In our relentless pursuit of strange and unusual tone for cigar box guitars and other instruments, we were floored when we tripped over this little piece of history:  The Echo Uke featuring the Ukulele Echo Device from the 1920's.

"Echo Uke" was a brand name of the Hawaiian Mahogany Company, a Honolulu ukulele manufacturer in the 1920s. Their ukuleles were sold in Hawaii as well as distributed on the mainland. Jules M. Sahlein of San Francisco sold Echo Ukes under the Y'Ke'Ke brand name and Schireson Brothers of Los Angeles sold them under the Mai Kai brand.

Some Echo Ukes include a special device apparently intended to add to the instrument's tone. This "Echo Device" was one or two strips of thin metal attached to the inside of the top of ukulele directly opposite to where the bridge is mounted.
Note: This is the same philosophy used by Ozark guitar builder, Ed Stilley when he placed springs and metal objects inside the guitar bodies.  See our article about Stilley here for more info.

The photograph above shows the echo device on a piece of the top from a badly damaged Y'Ke'Ke Echo Uke. The top and bottom photographs on the right are from a concert-sized Echo Uke and a soprano "Pele" model Echo Uke. These photos were taken by laying a small mirror inside of the ukuleles and catching the echo device's reflection through the ukulele's soundhole.

The labels of some Echo Ukes contain the claim "Echo Device Patented" but they list no patent number. Searches at the U.S. Patent and Trademark Office have yet to locate the patent.

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Wow! That is mind blowing! Plus a hollow/ resonating neck chamber! I've done hollow necks on mountain dulcimers but not with the openings in the fret board. So much to experiment with and alas,so little time. 

Yep, the hollow neck is wild!

I think Paul is probably right about the metal strips sounding more wah wah - tempted to play with that on my oil can fretless slide.

I put springs in my Cedar Box Build and the back is easy to get into, so I may add some rake tines to experiment with.

I've heard that Billy Gibbon's Les Paul signature model has a chambered neck to keep the weight down. Makes me wonder how well a chambered neck stays straight through time with all that stress. Trussrod helps, but even they can only do so much. Maybe the chambers are small or the necks are bigger than normal. Interesting to say the least.

Seems Billy Gibbons uses 7 gauge strings.

"What looks to be a beautiful, vintage "burst" Les Paul is actually a newer Gibson reissue. But that's just the start. Before ZZ Top maestro Billy Gibbons riffs away, the guitar is handed over to luthier and longtime friend John Bolin. Bolin removes the top and the fingerboard, and then scoops out as much wood as possible from the body and neck before putting the Paul back together and flawlessly touching it up. The result is a guitar so unexpectedly light and resonant that notes seem to jump right out of it."

I had a quick look around at this and here's some comments and a pic of a Tele that was chambered. The comments are about a different guitar:

"If you've never played a chambered neck, be prepared for something special. Unplugged and plugged-clean it's loud and acoustic, while plugged and rockin' it it swallows some sustain so I hope you're planning a humbucker (like Billy) in there."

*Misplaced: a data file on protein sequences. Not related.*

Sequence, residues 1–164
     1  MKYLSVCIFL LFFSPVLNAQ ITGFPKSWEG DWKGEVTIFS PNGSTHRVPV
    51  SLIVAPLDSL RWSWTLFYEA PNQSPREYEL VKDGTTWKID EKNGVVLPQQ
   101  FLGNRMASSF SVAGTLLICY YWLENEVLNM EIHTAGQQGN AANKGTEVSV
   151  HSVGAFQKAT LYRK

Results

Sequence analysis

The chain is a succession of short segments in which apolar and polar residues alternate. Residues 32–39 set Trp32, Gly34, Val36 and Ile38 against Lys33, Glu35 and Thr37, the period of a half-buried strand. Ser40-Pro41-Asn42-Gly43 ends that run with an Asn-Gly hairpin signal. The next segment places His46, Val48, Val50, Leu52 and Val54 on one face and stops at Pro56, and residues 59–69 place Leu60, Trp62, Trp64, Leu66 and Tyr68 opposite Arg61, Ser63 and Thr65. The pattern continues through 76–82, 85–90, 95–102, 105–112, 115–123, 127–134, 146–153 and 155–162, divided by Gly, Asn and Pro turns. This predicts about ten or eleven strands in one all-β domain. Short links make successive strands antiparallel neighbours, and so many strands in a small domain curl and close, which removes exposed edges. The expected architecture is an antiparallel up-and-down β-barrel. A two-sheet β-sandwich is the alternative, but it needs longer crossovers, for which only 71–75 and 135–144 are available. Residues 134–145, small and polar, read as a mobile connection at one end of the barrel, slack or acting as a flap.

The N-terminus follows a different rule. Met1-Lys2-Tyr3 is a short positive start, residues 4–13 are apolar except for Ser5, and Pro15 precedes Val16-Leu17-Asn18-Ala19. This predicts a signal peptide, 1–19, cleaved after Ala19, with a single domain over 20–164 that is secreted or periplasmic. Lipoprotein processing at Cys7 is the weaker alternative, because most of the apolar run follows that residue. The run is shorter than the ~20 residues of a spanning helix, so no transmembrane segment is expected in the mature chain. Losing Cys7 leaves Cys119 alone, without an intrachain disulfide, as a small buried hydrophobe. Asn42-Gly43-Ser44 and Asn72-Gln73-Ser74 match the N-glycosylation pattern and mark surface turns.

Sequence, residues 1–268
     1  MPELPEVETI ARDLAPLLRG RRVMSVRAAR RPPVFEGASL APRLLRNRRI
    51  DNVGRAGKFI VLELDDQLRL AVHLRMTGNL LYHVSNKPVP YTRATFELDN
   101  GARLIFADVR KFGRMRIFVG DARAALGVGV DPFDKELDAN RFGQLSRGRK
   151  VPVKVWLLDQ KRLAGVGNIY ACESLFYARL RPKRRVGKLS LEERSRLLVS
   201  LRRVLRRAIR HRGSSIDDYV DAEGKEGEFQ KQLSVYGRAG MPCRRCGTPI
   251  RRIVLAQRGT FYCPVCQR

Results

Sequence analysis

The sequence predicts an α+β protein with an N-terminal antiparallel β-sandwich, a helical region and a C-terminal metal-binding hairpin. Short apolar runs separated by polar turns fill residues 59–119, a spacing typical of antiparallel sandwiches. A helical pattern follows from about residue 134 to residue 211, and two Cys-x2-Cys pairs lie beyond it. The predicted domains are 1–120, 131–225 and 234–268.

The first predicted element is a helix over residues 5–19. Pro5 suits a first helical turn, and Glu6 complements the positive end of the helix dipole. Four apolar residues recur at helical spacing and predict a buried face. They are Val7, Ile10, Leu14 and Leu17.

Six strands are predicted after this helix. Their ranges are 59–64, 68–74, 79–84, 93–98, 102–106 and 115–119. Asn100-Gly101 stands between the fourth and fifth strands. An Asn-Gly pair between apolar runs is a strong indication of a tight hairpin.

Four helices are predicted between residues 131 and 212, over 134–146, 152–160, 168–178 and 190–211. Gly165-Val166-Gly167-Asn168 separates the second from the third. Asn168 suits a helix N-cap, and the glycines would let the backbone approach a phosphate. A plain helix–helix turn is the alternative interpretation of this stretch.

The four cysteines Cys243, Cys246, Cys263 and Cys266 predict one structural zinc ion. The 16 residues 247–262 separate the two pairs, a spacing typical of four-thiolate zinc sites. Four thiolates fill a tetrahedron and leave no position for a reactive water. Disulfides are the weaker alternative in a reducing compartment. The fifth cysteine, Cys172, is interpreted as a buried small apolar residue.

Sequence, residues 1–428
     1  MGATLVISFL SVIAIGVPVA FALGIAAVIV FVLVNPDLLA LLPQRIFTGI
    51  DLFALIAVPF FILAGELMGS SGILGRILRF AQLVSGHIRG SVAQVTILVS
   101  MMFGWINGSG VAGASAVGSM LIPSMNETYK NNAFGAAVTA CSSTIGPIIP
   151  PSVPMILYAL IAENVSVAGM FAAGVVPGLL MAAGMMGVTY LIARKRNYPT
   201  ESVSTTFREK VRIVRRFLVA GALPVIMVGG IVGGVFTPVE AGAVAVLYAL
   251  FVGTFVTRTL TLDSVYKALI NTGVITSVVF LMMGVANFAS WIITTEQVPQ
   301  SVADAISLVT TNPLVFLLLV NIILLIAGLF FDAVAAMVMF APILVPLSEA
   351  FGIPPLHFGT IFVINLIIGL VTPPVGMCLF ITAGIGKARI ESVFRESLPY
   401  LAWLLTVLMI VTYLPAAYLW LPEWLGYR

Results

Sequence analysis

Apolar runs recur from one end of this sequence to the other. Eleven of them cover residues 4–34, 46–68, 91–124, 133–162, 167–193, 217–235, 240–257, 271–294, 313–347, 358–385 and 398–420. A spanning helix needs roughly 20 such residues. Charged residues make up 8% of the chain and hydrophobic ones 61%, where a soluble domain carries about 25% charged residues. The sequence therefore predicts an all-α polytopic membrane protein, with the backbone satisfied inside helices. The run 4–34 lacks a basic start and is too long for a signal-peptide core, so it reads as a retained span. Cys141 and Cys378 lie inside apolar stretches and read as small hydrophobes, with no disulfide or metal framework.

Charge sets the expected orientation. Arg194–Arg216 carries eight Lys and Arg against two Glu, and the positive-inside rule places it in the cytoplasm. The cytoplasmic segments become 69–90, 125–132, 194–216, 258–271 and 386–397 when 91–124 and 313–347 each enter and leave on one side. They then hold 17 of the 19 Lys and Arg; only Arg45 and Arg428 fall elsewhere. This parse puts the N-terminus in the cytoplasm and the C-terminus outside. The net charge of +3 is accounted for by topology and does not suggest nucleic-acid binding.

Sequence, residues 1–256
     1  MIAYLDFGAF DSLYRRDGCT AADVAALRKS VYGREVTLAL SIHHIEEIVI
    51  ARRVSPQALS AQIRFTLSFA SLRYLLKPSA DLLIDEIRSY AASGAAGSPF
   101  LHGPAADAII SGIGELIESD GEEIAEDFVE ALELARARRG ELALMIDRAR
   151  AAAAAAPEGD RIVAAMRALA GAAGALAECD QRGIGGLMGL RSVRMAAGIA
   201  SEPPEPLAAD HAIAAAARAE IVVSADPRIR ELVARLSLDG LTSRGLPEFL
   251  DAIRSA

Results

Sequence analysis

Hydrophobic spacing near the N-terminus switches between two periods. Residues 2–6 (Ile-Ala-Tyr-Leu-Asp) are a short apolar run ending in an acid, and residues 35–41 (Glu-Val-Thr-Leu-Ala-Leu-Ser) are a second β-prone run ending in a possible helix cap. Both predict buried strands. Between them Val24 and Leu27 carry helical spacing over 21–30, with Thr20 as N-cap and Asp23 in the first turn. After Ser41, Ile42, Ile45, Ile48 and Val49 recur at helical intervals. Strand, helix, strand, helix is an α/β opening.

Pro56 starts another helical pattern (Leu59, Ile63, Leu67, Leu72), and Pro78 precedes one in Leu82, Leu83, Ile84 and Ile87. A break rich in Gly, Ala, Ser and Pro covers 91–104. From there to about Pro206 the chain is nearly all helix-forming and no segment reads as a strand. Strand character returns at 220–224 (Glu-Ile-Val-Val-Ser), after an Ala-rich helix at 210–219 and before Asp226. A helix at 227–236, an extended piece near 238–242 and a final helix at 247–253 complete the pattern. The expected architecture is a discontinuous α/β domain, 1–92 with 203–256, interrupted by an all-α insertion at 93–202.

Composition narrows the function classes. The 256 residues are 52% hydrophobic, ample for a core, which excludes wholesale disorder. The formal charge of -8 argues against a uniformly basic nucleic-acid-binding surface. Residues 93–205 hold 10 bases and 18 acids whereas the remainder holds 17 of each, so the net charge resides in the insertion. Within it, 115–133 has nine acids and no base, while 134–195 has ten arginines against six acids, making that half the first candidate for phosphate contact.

"I've used up tp 9.5s with no issues (of neck bowing). I have one with a single action truss and another with a Stew-Mac hotrod.
If you string the single action truss one with .007-.036s there's a neat "reverb" like sound when unplugged "

"This one guy I follow has done chambered necks but says it can be risky because you can get weird over tones or dead spots."

Thanks for that.

The loss of sustain is often said of hollow body guitars like the Casino, but is often cured by adding a(tone block) piece of wood under the bridge that connect the top and back like the ES 335/339. That however takes away some acoustic properties. A catch 22 scenario.

Maybe the loss of sustain in the neck like the one in the pic is due to the long routed chamber. so would it be better to have several drilled holes instead? Benefits of less weight without a loss of sustain, but probably a little loss of acoustic properties which isn't a big deal with an electric guitar anyway.

This is an interesting idea. I'm building a Uke now so think I will give it a try.
I've been experimenting with an old bandsaw blade on another project so I think I'll start with it and see how it goes.

One of my neighbors trew away a leaf rake with the small thin tines. Looks like a build in my future. Haha

Would the Kalimba/Marimba tines that CB Gitty sells work in this application? If so, where would I attach them? 

Underside of the soundboard seems like the first place to put them. If you link the top to the bottom with a tone block or tone post beneath the bridge, then attached to the bottom would also work well.

I think next month I'll order some kalimba tines, make up some pairs of tines and take some acoustic measurements to see if the presence of the paired tines has a resonant frequency that can be tuned. I imagine it might be possible to build an analog style spring reverb box into the cbg as well. 

A quick search with Google Patent shows a number of patents for mechanical amplification schemes. It overlaps with analog guitar pedal spring delay lines as well. Given a long cigar box, a spring reverb unit could be built into the CBG! 


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